Hippodrome/Colony Historical Theatre Fire Curtain
The theater, originally known as the Hippodrome, was built in 1911 near Union Street located in historic downtown Marietta, Ohio. It was the home of both live performances and early silent movies. The structure was quickly claimed by fire in November of 1917. The C & M Amusement company purchased a new lot on Putnam Street with the intention of rebuilding the Hippodrome. The new building opened in 1919 and was equipped with a large vaudeville stage, which could also accommodate Broadway-sized productions; a 50-foot fly loft for scenery and lights; numerous dressing rooms; and a large fire curtain painted by the Twin City Scenic Studio based in Minneapolis, MN. The Hippodrome hosted vaudeville, Broadway plays, and silent movies until 1928 when it added the capability of showing “talking” movies, though they continued to host live productions.
In 1949 the structure was completely remodeled inside and out, and the name was changed to the Colony Cinema. Live productions continued to be hosted along with films until the late 1960s, when the theatre fully transitioned to a modern-day cinema; this update also came with numerous renovations. The theatre finally closed due to low attendance in 1985. In the early 2000s the Hippodrome/Colony Historical Theatre Association was formed to restore the theatre. After many years of fundraising and preservation efforts, the theatre reopened in 2016 under the new name the Peoples Bank Theatre. The theatre was added to the National Register of Historic Places in 2001 as a part of a boundary increase for the Marietta Historic District. The theater currently operates under the name The Peoples Bank Theatre.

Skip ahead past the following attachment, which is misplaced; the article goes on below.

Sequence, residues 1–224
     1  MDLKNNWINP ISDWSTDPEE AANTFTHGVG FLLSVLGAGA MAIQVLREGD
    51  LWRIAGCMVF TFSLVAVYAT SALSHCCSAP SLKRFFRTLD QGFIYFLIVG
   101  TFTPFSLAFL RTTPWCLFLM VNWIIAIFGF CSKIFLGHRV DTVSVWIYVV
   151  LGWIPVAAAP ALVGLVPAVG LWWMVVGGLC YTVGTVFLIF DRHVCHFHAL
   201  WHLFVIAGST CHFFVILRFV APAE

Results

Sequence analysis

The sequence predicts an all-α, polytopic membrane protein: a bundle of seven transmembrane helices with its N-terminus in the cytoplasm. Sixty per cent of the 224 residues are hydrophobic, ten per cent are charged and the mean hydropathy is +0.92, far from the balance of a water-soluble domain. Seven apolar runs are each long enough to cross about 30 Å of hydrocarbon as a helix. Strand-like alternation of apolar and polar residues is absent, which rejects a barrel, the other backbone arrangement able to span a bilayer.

EverGreene was contracted to restore the 1919 fire curtain. The scope included performing a brief conditions assessment, performing cleaning tests, cleaning the heavily soiled front and back, stabilizing the curtain structurally, encapsulating the asbestos substrate, and unifying the presenting layer by inpainting or re-implementing distracting losses.